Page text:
Three Gorges Probe

Researcher sues ministry over special utility fee

(January 28, 2010) A Beijing man is taking the Ministry of Finance to court after the agency refused to explain to him how they spend the extra fee tacked on to the electricity bills of nearly every household in the country.

The special fee, which has added up to billions since 1992, is collected for the Three Gorges Construction Fund, according to the plaintiff, Ren Xinghui, a researcher at the Transition Institute in Beijing, a think-tank.

Every customer in the country pays the extra fee except people in Tibet, Ren told the Global Times Wednesday.

Beijing Electricity Power Corporation told the Global Times that the current charge for each kilowatt hour for the fund is 0.7 fen, compared with 0.3 fen in 1992 .

But Ren, 24, a researcher, said he never previously noticed that the electricity tariff was used for that purpose until he started doing research on the Three Gorges Project early last year for a website project based at the institute.

“I was surprised that the fund injected 70 billion yuan ($10 billion) into the construction during the last 17 years, but very little information about the fund was released to the public,” Ren told the Global Times Wednesday.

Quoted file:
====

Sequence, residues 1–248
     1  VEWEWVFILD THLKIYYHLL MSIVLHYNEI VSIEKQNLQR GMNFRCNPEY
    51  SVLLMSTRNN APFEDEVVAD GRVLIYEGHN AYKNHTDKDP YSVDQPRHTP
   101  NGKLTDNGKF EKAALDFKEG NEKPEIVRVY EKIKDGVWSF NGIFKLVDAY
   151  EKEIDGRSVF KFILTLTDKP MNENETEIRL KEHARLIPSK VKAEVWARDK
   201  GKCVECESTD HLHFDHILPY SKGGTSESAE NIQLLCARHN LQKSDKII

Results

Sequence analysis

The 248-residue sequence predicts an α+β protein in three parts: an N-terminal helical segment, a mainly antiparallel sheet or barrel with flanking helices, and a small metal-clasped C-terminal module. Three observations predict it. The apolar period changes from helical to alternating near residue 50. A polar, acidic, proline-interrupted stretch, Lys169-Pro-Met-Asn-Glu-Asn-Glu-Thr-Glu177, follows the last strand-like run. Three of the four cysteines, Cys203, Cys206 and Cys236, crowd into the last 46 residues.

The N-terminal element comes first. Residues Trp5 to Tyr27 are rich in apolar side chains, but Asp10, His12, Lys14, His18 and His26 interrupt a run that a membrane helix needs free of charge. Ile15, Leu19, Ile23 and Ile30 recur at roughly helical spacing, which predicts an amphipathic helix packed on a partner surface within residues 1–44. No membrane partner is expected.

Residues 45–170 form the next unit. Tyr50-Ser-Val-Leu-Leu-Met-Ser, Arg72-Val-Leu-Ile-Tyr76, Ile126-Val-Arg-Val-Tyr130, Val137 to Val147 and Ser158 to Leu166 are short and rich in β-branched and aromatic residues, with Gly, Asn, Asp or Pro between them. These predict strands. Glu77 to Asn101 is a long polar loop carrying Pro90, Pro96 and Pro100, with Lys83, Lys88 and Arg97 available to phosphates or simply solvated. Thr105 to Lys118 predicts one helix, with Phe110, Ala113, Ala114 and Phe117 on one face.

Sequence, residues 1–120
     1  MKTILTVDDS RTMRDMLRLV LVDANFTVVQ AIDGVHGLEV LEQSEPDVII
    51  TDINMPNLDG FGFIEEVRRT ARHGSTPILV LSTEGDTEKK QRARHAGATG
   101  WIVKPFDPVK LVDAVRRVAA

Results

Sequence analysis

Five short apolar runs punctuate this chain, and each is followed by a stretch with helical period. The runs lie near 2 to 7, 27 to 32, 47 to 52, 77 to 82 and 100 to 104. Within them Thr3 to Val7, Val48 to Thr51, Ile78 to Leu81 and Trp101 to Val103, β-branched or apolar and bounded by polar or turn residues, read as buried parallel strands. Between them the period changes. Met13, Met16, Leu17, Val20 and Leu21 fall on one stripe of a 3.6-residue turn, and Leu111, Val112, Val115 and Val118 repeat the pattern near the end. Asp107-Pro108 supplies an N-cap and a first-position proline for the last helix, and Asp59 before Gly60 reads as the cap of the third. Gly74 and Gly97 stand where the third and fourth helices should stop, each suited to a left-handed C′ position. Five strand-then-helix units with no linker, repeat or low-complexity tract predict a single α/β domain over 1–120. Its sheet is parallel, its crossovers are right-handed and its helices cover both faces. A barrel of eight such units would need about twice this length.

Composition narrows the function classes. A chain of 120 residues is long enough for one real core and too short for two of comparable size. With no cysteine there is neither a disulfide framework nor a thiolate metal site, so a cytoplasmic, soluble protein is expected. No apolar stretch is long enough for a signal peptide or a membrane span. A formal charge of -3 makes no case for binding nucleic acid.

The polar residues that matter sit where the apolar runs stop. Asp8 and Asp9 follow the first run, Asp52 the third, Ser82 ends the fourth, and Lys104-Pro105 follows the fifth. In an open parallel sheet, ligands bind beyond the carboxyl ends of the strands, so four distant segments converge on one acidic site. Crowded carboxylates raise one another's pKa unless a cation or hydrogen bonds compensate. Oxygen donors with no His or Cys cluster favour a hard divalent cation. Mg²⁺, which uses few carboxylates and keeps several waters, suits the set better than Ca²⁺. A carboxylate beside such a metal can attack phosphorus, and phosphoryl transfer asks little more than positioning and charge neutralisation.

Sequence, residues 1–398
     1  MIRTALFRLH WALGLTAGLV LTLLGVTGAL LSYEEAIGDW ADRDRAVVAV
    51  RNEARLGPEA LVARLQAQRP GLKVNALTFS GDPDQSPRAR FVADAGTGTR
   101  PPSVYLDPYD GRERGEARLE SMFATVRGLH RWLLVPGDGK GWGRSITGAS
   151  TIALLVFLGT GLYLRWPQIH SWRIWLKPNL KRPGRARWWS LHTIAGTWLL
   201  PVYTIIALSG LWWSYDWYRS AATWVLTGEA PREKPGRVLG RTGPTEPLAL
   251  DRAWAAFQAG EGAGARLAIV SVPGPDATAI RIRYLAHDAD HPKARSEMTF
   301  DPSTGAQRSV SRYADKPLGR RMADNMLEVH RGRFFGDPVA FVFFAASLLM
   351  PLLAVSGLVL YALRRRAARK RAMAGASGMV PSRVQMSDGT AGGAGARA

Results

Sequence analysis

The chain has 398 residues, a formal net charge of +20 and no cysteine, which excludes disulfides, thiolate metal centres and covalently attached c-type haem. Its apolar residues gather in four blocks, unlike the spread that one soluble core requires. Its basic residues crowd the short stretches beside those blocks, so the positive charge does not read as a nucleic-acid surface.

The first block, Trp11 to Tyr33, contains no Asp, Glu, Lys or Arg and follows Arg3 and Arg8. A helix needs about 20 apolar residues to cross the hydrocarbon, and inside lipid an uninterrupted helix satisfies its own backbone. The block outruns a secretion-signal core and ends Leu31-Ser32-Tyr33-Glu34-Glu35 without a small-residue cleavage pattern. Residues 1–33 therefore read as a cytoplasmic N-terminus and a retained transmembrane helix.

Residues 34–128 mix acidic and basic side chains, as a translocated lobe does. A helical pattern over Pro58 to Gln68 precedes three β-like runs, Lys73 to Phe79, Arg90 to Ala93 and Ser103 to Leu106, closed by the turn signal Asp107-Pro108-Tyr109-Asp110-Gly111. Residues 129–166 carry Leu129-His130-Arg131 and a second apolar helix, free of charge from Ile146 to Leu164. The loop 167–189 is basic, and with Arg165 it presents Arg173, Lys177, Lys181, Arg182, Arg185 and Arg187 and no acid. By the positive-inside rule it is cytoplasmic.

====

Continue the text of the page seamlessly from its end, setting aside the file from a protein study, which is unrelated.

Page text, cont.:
Ren wrote to the ministry in October seeking information about the capital flow of the fund, but the request was rejected.

The ministry told him that a breakdown of the 2008 fund was released, and the information Ren requested has no direct connection to his life.

“Why isn’t it related to my living?” Ren said. “I’m not the only one who pays extra for electricity. Everyone in Beijing is paying.”

Yangcheng Evening News reported that residents in Guangdong Province are paying 0.7 fen extra per kilowatt. The paper said if a family uses 4,000 kilowatt hours a year, they would be required to pay 28 yuan ($4) to the fund.

Shen Kui, an administrative law professor at Peking University, expressed his opinion on the newspaper that although the ministry rejected Ren’s request for the information as having nothing to do with his research, they did not say the information was not related to the public.

Li Yan, a Beijing resident who was not aware of the special fee, told the Global Times that he supports Ren’s lawsuit but has little confidence that the lawsuit would be successful.

The No.1 Intermediate People’s Court of Beijing is considering the lawsuit and will decide whether to accept the case next Tuesday.

Xinhua, January 28, 2010

Read the original story here.

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